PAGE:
9 crucial COVID additions to make to your handbooks
Many Human Resources specialists face a common challenge these days – how to address COVID-19 in the workplace. As much of the word returns to work and tries to adjust to the new normal, the question remains: what policies are needed to ensure a safe and compliant return to work? Today, HR departments, managers, and leaders incorporate necessary precautions and proper protocol to keep employees, clients, and visitors safe and comply with orders in their local region. As workers prepare to return to work in more significant numbers, now is the time to adjust policies and employee handbooks to ensure a safe and productive return to work.
New guidelines, policies, and recommendations are necessary to ensure employees’ safety and business continuity in the long term. Even temporary policies should be noted in the employee guidelines, so there can be no question of employees’ expectations. Consider these areas in your return to work plan:
Communications processes and IT policies
Communications processes and IT policies should be updated to reflect the changes of 2020. One of the most significant changes to come from the pandemic is that many employees are now working remotely or are working in rotating schedules. Communications with employees have had to rapidly change to accommodate remote work and allow employees to stay connected via video, chat functions, or other new ways of working.
Ensuring clear communications with employees despite the changing environment is imperative. Updating your employee handbook includes the actionable steps the company is taking to ensure health and wellness is a great first step. Also, be sure to outline any new communication processes with managers and leaders. Ensuring that regular updates about COVID-19 continue and that employees have ways to ask questions, even when not on-site, is one way to keep the workplace safe.
You also want to update telecommuting and IT policies. Outlining the requirements for safe use of technology, including security protocols, is essential for business sustainability. Ensure that employees know who is eligible to telecommute and under what circumstances. What technology is required, and who will pay for it? What hours should employees be online while telecommuting and is there any flexibility in scheduling?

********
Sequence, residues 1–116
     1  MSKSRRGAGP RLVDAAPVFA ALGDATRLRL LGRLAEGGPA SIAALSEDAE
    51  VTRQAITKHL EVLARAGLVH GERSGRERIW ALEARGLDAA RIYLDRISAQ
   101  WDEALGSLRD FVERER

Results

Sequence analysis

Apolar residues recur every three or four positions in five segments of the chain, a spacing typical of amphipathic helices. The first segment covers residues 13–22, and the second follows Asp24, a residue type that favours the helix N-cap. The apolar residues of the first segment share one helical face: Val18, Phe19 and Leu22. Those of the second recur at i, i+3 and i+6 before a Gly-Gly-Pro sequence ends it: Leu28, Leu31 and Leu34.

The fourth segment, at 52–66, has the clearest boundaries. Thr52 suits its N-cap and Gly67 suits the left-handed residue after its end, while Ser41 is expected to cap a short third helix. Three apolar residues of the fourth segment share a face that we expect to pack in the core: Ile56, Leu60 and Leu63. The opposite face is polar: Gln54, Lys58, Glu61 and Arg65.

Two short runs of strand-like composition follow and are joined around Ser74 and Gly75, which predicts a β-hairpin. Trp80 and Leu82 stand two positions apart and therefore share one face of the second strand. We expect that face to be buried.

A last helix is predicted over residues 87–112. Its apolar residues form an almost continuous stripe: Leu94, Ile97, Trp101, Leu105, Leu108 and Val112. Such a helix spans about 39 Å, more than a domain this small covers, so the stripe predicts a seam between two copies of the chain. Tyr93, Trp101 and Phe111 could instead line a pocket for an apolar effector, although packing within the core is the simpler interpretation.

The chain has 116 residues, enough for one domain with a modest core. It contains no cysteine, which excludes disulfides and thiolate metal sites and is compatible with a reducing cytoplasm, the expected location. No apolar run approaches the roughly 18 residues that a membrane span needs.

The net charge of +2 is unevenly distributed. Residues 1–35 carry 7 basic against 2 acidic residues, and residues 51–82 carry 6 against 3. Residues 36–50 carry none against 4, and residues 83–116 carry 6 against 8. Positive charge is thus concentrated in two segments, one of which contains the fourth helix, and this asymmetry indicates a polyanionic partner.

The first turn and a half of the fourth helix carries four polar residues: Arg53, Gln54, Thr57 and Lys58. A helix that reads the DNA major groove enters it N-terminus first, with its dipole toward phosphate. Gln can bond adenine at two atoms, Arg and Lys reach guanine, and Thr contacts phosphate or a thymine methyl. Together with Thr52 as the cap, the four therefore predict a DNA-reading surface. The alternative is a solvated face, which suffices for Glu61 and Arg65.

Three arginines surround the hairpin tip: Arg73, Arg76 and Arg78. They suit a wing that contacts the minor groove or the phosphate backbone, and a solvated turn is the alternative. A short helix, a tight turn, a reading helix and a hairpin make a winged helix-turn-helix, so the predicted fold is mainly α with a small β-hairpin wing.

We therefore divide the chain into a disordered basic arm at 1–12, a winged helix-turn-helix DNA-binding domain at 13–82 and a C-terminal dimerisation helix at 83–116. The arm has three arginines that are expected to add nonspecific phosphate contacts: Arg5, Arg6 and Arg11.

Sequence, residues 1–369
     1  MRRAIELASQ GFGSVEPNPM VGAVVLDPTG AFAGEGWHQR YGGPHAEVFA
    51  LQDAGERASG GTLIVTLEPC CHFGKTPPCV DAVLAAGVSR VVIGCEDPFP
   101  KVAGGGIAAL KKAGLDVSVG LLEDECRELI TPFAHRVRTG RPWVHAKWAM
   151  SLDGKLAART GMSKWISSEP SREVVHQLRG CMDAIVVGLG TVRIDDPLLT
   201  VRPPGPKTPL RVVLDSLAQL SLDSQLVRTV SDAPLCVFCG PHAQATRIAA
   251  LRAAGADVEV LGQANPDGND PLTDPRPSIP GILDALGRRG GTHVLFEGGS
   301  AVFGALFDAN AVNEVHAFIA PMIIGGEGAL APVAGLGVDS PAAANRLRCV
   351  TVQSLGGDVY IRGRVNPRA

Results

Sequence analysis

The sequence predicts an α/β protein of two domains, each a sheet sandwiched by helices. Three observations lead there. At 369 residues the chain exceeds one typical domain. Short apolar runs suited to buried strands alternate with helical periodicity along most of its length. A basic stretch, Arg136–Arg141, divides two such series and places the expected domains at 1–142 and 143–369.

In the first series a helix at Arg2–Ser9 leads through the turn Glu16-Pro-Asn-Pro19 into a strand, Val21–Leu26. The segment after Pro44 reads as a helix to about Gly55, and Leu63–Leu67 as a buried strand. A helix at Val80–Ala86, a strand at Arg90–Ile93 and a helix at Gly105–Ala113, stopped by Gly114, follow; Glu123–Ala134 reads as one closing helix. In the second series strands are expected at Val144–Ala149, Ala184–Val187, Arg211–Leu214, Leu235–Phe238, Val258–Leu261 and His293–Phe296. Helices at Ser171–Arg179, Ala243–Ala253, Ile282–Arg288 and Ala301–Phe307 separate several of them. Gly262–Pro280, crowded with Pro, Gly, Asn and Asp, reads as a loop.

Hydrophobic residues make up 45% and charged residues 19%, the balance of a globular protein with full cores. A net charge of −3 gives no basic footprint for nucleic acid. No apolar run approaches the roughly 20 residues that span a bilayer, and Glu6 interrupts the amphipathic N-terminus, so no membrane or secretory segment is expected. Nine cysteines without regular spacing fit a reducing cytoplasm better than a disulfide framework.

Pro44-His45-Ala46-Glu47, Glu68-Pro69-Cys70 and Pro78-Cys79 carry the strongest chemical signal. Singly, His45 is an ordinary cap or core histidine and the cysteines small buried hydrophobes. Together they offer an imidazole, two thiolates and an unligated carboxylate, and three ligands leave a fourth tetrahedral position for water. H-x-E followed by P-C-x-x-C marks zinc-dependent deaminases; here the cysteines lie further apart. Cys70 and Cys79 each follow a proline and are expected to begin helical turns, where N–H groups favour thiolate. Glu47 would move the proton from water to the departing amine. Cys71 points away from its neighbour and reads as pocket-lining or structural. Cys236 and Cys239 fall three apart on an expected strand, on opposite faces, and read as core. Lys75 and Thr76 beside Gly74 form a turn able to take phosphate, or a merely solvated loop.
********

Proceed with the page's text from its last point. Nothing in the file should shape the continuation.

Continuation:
COVID-19 testing policies
COVID-19 testing policies weren’t on the radar for HR teams at the start of 2020 – and likely left out of employee handbooks altogether. However, now is the time to establish and communicate when, where, and how employees will be tested for the virus. It is also important to outline what will happen if an employee who has been in the office becomes sick. What contract tracing methods will be used? Do other employees need to quarantine? Will a negative test be required to return to the office in person? It would be best if you outlined all of these questions and more in your testing policy.
Employee illness policy
What will you do when an employee becomes ill? Updating employee handbooks to ensure that everyone is aware of the measures taken if employees become sick is essential. The pandemic response is likely, unlike any other sick leave that has been needed in the past. Address what your company will do when employees become ill and how you’ll handle sick leave. Will the building be closed and disinfected? Should employees who have had contact stay home? Outbreak management, including managing contact with ill individuals and requirements for quarantining, should also be implemented.
Leave policies may need to be updated to ensure that employees have adequate time off for illness. The CDC recommends that employees who feel sick in any way should stay home, which means employees may need more time off or more flexibility than usual. The Family Medical Leave Act (FMLA) ensures that employees can take time off if they become ill or take care of a child infected by the virus. Also, the Families First Coronavirus Response Act (FFCRA) went into effect on April 1 and requires employees with under 500 employees to offer paid time off for employees affected by COVID-19. Be sure to update leave policies to include this information and any extensions that may happen after December.